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    15 January 2009

    All 155 Escape Jet’s Plunge Into Hudson

    All 155 Escape Jet’s Plunge Into Hudson

    Published: January 15, 2009 By The New York Times

     (January 16, 2009)

    Moments after the plane, a twin jetAirbus A320 bound for Charlotte, N.C., crashed into the river, at least a half-dozen small craft converged on the crippled aircraft and rescued the freezing passengers, two pilots and three flight attendants.

    “It would appear the pilot did a masterful job of landing in the river and making sure everybody got out,” MayorMichael R. Bloomberg said at an early evening news conference. “I had a long conversation with the pilot, he walked the plane twice and made sure that everybody was out.”

    Some of the passengers were taken to hospitals in New York and New Jersey, and several were treated for hypothermia after being plucked from the wings of the aircraft. It was one of the coldest days of the year in New York City, with the air temperature in the 20s and water temperature about 40 degrees.

    A spokeswoman for the F.A.A., Laura J. Brown, said that a flock of birds might have been sucked into the jet engines, but several aircraft manufacturers said such occurrences are rare.

    The two engines on the plane were manufactured by CFM International, a joint venture operated by General Electric and Snecma, a company based in France. A spokeswoman for CFM said she did not know the age of the engines or whether they had been involved in previous incidents.

    Stunned and shivering passengers who were rescued from the jetliner described a frightening scene in the three minutes from takeoff to a hard landing into the river, and then a surprisingly controlled exit from the partly submerged aircraft.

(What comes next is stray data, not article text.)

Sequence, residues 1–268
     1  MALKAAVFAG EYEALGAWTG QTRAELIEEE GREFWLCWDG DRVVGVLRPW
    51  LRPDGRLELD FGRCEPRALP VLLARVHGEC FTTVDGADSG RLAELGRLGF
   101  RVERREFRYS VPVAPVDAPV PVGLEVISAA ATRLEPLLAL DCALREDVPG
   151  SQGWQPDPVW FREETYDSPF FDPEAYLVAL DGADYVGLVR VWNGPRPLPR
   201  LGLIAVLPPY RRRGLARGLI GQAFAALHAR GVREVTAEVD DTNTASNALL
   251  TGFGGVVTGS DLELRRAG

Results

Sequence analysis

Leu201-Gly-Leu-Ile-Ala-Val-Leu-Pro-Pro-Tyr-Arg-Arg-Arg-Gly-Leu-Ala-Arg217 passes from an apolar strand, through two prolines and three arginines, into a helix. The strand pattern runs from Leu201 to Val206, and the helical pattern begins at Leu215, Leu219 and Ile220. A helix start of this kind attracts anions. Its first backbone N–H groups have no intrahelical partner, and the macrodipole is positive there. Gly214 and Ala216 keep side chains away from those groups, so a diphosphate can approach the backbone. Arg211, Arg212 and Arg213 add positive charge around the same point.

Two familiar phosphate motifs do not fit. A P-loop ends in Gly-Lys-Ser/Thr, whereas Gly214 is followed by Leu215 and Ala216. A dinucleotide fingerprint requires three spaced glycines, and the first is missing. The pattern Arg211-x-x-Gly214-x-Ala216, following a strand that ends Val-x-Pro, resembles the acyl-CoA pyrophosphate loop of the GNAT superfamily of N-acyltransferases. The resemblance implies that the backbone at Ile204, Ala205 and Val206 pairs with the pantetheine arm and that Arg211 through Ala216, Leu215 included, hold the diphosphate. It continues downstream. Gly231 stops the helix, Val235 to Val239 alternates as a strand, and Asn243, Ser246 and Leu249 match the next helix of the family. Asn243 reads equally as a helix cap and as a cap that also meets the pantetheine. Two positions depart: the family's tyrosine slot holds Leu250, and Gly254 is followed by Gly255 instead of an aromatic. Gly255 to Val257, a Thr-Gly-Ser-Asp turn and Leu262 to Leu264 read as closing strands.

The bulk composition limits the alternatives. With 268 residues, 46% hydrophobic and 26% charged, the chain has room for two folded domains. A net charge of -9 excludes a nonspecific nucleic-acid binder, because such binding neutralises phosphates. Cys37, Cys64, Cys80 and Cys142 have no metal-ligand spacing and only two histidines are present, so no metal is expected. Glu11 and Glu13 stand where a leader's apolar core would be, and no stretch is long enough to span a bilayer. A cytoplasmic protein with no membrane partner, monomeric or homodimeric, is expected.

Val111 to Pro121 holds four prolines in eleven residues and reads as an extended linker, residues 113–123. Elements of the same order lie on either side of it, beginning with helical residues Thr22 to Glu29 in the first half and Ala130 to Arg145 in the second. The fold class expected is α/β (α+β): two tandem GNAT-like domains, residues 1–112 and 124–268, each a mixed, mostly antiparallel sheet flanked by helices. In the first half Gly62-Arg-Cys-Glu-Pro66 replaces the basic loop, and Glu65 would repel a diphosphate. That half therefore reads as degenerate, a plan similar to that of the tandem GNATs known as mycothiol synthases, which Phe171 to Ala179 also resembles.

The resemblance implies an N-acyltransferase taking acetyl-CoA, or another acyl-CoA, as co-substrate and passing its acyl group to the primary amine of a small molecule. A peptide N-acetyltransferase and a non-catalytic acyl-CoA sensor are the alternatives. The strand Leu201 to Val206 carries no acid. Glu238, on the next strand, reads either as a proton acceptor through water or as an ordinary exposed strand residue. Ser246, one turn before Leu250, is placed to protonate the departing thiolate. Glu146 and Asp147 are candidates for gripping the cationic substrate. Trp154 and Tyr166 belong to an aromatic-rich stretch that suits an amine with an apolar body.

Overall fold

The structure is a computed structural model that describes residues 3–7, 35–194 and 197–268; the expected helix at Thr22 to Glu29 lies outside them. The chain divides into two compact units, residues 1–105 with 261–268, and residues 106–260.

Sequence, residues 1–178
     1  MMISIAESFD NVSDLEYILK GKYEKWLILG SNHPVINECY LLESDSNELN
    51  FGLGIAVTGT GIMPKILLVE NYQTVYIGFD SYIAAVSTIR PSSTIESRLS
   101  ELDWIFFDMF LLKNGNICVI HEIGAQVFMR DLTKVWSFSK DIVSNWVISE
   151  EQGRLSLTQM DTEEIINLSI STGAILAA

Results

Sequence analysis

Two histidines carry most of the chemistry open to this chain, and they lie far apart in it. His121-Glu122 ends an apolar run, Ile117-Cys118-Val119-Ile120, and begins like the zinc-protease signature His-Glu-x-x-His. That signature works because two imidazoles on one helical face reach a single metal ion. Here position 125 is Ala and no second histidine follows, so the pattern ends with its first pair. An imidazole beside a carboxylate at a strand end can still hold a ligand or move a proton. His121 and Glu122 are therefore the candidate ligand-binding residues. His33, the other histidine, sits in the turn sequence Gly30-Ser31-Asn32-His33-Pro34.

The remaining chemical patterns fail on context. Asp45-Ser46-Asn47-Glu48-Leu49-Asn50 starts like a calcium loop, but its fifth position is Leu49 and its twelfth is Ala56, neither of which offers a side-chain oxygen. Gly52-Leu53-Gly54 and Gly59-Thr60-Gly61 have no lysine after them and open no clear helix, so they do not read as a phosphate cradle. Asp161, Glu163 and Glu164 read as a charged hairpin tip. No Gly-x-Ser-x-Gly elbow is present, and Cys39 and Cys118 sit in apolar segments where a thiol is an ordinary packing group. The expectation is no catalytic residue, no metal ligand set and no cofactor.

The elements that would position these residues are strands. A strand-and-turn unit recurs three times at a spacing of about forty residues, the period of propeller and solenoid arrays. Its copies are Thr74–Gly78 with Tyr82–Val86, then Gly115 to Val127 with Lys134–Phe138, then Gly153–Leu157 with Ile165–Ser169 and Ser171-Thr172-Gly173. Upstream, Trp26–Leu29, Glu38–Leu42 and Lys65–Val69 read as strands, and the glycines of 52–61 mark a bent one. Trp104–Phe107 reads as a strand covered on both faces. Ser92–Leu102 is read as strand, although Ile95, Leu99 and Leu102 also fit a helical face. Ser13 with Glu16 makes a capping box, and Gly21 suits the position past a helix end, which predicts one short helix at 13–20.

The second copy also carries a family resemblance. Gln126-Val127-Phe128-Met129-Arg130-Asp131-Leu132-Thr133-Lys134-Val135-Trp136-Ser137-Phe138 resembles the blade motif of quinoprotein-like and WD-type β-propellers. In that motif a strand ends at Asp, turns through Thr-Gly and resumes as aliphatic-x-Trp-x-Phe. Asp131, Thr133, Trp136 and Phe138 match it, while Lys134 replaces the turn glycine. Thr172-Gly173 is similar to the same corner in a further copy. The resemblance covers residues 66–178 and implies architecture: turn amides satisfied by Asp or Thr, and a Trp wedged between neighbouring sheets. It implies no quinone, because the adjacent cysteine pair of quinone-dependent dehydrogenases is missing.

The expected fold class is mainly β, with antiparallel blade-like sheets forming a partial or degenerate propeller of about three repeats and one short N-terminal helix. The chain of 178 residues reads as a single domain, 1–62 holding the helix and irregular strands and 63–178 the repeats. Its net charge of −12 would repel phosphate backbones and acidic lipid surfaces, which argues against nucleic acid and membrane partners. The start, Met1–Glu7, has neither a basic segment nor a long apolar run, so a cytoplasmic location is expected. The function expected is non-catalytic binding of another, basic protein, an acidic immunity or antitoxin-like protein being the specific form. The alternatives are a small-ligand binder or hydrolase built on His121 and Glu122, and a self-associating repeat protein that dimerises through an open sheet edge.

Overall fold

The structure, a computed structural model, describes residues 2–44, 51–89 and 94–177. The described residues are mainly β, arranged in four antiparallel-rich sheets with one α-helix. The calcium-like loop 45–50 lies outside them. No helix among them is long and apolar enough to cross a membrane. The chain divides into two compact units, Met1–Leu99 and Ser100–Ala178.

Jeff Kolodjay, 31, who was traveling with his father and a brother and was seated over the left wing, said he heard the left engine blow.

    "The left engine just blew and there were flames,” Mr. Kolodjay said. “It started smelling a lot like gasoline. The pilot got on and said, ‘You guys got to brace for a hard impact.’ That’s when everyone started to say their prayers. I got to give it to the pilot, he did a hell of a landing.”

    Alberto Panero, another passenger, told CNN: “Within a couple of minutes all of a sudden you just heard a loud bang, and the plane shook a bit and immediately you could smell smoke, like fire. Although it didn’t seem like it was out of control we knew something was going on because we were turning back.”

    Mr. Panero added: “We just hit, and somehow the plane just stayed afloat and we were able to get on the raft and, it’s just incredible right now that everyone’s still alive.”

    Mr. Kolodjay said that the plane started taking on water soon after it hit the river. “It was filled up to our waist by the time we got off,” he said.

    Accounts from witnesses, including those on the Weehawken Ferry who aided in the rescue, were equally gripping.

    David Watta, a 42-year old vice president of Product Management at Shermans Travel Media, was heading home on the first ferry to reach the plane.

    Mr. Watta said in a telephone interview that his ferry was diverted to the plane after about two minutes out of port.